court later received information that Kweli had removed the
jury panel list containing the members' personal
information and had kept the list overnight in the jail.
After the court informed the jury members that the jury list
had been retained by a defendant overnight, some of the
defendants moved for a mistrial, which the court granted.
of these events, the government filed a motion at the
beginning of the second trial requesting an anonymous jury.
The district court granted the government's motion.
the standards outlined in Dinkins and reviewing the
district court's reasoning, we conclude for several
reasons that the district court did not abuse its discretion
in having the case heard by an anonymous jury. First, the
indictment alleged that the defendants were members of a
violent street gang and were involved in a number of violent
criminal offenses, including witness tampering by murder. The
record contained sworn statements by various cooperating
witnesses and DNGS members corroborating these allegations.
This evidence strongly suggested that the defendants had
associates who were not incarcerated and could intimidate or
harm the jurors. See Ross, 33 F.3d at 1520.
FBI special agent Scott Cullins expressed to the court
concerns about juror safety given the gang's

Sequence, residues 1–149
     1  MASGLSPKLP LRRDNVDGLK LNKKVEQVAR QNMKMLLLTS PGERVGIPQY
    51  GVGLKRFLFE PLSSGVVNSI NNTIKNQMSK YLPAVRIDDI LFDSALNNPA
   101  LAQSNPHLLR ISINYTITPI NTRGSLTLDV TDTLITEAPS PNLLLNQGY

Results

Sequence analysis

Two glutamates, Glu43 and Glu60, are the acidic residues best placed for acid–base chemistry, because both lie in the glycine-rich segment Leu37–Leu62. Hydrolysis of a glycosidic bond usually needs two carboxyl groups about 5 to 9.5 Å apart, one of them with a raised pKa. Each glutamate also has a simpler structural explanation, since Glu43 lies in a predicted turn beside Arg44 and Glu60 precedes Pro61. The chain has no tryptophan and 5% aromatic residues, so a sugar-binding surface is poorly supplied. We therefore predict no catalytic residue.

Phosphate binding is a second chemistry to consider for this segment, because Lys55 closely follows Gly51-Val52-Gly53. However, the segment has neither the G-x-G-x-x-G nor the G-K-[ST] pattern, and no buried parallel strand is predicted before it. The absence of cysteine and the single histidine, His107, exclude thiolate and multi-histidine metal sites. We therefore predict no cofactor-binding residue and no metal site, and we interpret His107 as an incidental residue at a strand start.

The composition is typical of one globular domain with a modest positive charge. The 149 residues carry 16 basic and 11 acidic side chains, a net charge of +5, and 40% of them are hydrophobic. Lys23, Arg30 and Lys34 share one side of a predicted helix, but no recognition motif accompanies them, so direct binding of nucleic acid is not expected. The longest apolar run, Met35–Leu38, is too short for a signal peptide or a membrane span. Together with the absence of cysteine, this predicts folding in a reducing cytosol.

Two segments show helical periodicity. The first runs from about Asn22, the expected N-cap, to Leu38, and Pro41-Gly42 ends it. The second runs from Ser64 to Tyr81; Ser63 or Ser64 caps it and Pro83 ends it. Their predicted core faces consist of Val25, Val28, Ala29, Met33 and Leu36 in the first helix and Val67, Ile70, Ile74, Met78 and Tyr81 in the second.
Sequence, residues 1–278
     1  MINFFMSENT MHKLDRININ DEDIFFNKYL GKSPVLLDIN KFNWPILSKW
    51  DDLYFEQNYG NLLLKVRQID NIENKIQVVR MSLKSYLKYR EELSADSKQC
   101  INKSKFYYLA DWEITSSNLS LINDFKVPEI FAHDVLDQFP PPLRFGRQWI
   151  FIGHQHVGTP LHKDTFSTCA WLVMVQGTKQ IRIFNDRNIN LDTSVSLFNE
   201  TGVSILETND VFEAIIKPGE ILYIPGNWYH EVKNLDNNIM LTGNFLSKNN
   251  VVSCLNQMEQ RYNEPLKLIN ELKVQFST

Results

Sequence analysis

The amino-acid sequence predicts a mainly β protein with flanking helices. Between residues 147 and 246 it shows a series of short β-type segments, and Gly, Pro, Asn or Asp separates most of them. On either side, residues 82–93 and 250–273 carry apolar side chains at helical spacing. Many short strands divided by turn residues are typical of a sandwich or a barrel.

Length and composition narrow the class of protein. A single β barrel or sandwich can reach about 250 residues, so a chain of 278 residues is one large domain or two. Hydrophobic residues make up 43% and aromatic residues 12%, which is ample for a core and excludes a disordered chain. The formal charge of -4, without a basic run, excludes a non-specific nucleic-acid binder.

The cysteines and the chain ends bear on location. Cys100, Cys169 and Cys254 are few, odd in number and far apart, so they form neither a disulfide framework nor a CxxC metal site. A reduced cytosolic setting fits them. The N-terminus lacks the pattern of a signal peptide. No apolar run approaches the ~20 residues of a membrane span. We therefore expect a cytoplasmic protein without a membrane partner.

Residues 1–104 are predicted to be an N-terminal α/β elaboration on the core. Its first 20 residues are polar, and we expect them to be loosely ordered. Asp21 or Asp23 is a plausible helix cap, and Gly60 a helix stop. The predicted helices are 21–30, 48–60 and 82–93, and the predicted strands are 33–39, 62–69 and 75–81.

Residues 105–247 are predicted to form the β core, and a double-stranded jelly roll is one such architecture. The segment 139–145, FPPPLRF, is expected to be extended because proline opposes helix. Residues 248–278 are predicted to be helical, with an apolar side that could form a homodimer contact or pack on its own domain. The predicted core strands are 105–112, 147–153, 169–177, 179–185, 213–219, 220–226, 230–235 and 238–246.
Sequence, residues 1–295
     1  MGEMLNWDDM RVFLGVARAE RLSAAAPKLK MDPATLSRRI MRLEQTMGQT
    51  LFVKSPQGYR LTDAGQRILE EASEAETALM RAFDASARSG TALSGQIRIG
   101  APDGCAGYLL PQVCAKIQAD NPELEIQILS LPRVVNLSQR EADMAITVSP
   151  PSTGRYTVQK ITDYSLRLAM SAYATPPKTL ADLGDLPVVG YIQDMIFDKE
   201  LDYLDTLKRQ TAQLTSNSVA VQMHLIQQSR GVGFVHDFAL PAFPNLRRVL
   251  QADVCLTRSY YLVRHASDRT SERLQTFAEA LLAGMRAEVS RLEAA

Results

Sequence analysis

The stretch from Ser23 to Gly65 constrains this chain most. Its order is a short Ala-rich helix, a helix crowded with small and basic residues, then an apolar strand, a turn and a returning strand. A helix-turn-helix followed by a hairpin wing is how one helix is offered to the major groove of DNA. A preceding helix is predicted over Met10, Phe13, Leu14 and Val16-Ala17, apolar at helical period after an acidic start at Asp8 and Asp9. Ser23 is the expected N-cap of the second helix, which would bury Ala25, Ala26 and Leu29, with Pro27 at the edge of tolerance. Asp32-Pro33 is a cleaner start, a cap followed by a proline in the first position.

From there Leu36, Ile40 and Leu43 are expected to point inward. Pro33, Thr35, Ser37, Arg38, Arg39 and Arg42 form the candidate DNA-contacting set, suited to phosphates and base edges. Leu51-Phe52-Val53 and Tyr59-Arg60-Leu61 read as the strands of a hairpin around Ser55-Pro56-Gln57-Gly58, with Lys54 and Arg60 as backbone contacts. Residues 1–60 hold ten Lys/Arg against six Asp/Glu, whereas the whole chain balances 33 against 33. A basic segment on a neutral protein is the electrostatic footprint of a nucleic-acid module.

"history of not only retribution, but also preventative
actions." Moreover, Deputy United States Marshal Mark
Haley informed the court that at least two defendants, Kweli
and Halisi, had continued their DNGS recruitment efforts from
jail while awaiting trial. The circumstances leading to the
mistrial thus more than justified the court's concern for
juror safety. And third, if convicted, several of the
defendants faced lengthy incarceration and substantial
penalties that may have induced them to intimidate the jury
in an attempt to influence the outcome of the trial. See
id. at 1520-21.
observe that the district court adopted reasonable safeguards
to minimize the risk that the defendants' constitutional
rights would be infringed by the use of an anonymous jury.
Dinkins, 691 F.3d at 378. The court provided the
venire members with a neutral, non-prejudicial explanation of
its decision that minimized the danger of prejudice to the
defendants. See United States v. Hager, 721 F.3d
167, 188 (4th Cir. 2013). And the court's decision did
not interfere with the defendants' ability to conduct a
thorough voir dire examination. Counsel were given full
access to all juror information, and the defendants were
permitted to review redacted juror questionnaires.
Accordingly, upon our consideration of all the facts and